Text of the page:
The E840s’s general performance is also pretty good for such a cheap camera. It starts up in approximately two and a half seconds, which is perfectly reasonable, and shuts down again in about the same. Shot-to-shot cycle time in single-shot mode and maximum image quality is rather slow at approximately four seconds. In continuous shooting mode it can maintain a speed of well over a shot a second, which is pretty impressive, but it doesn’t focus between shots, so its usefulness for moving subjects is limited.
A limiting factor on the camera’s performance is the autofocus system, which is a little on the slow side, especially at longer zoom settings. Its low-light performance is surprisingly good though, and it is able to focus in the dark with reasonable reliability thanks to a good AF assist lamp with a range of about three metres.
So far the E840s is looking pretty good, especially considering its price, but unfortunately the camera does have one major annoyance. It has the worst shutter lag I’ve seen on a digital camera in several years. When you press the shutter button to take a picture, the camera focuses and then the monitor screen goes blank for about a second before the shot is taken, and stays blank for about another second and a half before the image preview appears. This is particularly annoying if you’re trying to frame a moving subject. Oddly it only does this in single-shot mode, so the best option for action shots is to use continuous mode but only take one shot.
Perhaps the most surprising thing about the E840s is the image quality, which is much better than I had anticipated. It’s not really in the same league as some of the other compacts we’ve looked at lately, but then it costs half as much, and for a cheap camera it is really quite good. The lens produces some barrel distortion at wide-angle, but no worse than the £220 Nikon S600 I reviewed earlier this week, and while the overall image lacks a certain sharpness it is at least consistent from corner to corner. There is a little chromatic aberration towards the edges of the frame, but not enough to cause a problem in most circumstances.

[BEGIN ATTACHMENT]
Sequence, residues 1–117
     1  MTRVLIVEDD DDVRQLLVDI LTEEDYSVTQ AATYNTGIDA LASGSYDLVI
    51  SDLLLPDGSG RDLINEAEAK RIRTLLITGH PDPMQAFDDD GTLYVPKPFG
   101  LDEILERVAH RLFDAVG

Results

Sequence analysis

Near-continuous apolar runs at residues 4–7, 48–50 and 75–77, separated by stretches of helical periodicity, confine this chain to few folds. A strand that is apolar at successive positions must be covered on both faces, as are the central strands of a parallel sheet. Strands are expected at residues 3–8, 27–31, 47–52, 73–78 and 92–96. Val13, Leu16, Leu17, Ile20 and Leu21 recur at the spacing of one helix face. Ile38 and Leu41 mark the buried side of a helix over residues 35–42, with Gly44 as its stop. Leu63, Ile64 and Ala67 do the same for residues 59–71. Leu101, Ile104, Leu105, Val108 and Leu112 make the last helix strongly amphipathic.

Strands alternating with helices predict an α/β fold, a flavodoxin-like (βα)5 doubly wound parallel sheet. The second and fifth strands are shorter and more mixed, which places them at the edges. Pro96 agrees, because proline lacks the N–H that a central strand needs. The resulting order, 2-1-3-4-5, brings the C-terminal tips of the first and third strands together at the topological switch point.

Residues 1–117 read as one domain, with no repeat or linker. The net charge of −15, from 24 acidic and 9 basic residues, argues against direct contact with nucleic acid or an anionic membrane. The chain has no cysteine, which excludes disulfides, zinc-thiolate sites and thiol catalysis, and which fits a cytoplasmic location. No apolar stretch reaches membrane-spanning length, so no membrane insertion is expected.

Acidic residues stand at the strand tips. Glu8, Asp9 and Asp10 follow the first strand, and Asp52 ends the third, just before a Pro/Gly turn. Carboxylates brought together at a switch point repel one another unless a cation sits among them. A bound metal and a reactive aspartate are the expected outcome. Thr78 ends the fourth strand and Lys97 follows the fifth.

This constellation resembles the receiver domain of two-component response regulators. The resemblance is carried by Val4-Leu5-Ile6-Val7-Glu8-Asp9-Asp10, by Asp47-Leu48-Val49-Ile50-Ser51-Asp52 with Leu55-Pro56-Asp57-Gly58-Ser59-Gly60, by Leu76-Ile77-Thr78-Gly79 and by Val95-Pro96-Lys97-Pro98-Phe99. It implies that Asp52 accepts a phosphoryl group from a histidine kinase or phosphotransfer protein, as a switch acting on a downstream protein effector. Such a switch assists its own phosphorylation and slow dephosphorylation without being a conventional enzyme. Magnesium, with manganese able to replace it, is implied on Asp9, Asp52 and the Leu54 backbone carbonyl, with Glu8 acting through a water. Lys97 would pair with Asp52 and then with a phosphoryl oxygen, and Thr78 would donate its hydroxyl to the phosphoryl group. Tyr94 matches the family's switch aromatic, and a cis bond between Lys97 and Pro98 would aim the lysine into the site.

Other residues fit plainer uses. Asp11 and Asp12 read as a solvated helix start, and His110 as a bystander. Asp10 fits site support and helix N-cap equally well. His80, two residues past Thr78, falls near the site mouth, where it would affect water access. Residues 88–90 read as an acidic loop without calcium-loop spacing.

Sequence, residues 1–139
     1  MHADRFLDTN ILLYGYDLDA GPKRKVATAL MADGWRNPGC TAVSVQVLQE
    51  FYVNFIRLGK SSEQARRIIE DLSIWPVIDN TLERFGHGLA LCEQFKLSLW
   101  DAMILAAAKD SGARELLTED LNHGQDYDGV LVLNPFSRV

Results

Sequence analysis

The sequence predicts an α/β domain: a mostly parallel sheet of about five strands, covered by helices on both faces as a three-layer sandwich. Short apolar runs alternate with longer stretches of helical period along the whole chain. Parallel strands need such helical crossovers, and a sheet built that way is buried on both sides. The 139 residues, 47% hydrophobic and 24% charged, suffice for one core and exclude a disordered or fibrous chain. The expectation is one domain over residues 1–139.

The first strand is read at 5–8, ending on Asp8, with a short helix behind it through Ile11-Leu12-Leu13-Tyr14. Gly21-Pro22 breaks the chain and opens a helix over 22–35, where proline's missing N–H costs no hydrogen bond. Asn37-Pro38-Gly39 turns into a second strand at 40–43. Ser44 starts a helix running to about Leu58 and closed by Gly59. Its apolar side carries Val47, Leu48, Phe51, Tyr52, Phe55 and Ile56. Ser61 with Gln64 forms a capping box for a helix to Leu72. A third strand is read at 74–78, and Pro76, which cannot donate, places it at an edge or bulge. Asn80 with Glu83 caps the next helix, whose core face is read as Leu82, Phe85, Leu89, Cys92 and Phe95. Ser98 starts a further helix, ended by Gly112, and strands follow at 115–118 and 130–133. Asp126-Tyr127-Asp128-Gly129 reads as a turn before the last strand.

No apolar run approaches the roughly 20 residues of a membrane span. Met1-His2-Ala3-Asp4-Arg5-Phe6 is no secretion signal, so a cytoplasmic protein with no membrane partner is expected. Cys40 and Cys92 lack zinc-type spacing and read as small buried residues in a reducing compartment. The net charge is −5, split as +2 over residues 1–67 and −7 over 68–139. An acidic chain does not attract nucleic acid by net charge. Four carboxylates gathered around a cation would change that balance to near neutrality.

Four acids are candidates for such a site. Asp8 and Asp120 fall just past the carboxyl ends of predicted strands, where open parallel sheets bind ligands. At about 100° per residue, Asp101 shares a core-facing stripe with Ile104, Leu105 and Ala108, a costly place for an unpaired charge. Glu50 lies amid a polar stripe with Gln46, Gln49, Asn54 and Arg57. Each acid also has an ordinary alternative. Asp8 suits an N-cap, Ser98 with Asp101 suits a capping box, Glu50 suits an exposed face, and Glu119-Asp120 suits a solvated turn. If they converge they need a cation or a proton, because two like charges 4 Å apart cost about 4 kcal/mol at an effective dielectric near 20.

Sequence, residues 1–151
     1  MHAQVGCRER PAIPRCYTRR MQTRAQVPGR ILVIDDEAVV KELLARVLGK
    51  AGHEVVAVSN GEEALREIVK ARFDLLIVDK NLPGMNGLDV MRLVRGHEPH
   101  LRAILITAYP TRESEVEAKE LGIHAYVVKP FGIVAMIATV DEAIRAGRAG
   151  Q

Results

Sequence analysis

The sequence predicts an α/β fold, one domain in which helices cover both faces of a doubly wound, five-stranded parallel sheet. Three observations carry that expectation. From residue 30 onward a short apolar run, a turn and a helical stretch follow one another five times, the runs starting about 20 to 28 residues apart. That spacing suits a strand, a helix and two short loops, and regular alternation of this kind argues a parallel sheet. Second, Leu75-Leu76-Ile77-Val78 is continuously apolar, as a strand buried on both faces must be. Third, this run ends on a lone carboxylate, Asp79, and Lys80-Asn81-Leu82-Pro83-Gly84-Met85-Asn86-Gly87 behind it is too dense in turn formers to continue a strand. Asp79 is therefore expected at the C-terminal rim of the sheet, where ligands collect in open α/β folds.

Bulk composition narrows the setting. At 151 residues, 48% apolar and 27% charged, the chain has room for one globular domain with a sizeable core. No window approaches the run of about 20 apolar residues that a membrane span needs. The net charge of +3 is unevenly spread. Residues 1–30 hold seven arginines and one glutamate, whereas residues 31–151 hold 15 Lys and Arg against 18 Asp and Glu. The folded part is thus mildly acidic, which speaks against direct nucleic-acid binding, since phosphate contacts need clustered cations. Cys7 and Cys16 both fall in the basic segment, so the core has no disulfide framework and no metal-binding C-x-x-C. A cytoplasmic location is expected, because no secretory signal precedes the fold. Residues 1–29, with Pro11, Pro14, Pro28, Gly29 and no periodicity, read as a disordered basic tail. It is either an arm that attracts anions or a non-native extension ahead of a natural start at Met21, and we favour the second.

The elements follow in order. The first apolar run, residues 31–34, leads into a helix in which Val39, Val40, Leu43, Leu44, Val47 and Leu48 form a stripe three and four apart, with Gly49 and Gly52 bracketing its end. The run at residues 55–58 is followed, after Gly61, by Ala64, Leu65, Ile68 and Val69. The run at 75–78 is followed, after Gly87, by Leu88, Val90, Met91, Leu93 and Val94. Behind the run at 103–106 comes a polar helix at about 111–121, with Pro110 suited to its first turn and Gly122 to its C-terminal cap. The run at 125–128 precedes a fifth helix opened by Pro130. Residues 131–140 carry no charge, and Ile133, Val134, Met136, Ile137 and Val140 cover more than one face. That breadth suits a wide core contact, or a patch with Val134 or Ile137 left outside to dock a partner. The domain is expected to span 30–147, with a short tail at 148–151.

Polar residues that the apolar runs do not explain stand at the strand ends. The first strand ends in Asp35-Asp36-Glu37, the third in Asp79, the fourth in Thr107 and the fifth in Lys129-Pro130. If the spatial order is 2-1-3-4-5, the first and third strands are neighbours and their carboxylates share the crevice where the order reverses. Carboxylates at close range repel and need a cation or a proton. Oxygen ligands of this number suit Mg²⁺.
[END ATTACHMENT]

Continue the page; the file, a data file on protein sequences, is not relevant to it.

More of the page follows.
Exposure metering is generally good, although it does have a tendency to burn out highlights in favour of shadow detail, mostly to compensate for the limited dynamic range of the small sensor. Colour rendition is also generally good, although again strong highlight colours such as bright reds and yellows tend to lack detail. Noise control is surprisingly good, and although there is some noise visible in shots as low as 200 ISO, photos are still quite printable at 800 ISO. I have seen much more expensive cameras produce worse results.
Considering its exceptionally low cost, the General Electric E840s is a much better camera than I had expected. It’s not without a couple of flaws, but its design, build quality, handling, performance and results are far from disappointing, and a fair match for similarly priced cameras from Casio, Pentax and Fujifilm. The only question is whether or not it is good enough to make an impact in an already overcrowded market.
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